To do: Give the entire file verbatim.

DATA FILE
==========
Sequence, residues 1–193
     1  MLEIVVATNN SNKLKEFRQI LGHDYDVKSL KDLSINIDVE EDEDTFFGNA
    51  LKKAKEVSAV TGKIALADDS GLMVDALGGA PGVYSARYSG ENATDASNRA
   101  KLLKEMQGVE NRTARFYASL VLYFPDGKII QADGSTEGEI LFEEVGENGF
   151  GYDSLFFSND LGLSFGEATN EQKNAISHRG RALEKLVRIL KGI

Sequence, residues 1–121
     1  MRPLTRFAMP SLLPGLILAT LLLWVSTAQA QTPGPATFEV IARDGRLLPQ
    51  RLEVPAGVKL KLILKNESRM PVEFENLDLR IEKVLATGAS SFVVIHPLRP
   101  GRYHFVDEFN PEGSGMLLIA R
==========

Sequence, residues 1–193
     1  MLEIVVATNN SNKLKEFRQI LGHDYDVKSL KDLSINIDVE EDEDTFFGNA
    51  LKKAKEVSAV TGKIALADDS GLMVDALGGA PGVYSARYSG ENATDASNRA
   101  KLLKEMQGVE NRTARFYASL VLYFPDGKII QADGSTEGEI LFEEVGENGF
   151  GYDSLFFSND LGLSFGEATN EQKNAISHRG RALEKLVRIL KGI

Sequence, residues 1–121
     1  MRPLTRFAMP SLLPGLILAT LLLWVSTAQA QTPGPATFEV IARDGRLLPQ
    51  RLEVPAGVKL KLILKNESRM PVEFENLDLR IEKVLATGAS SFVVIHPLRP
   101  GRYHFVDEFN PEGSGMLLIA R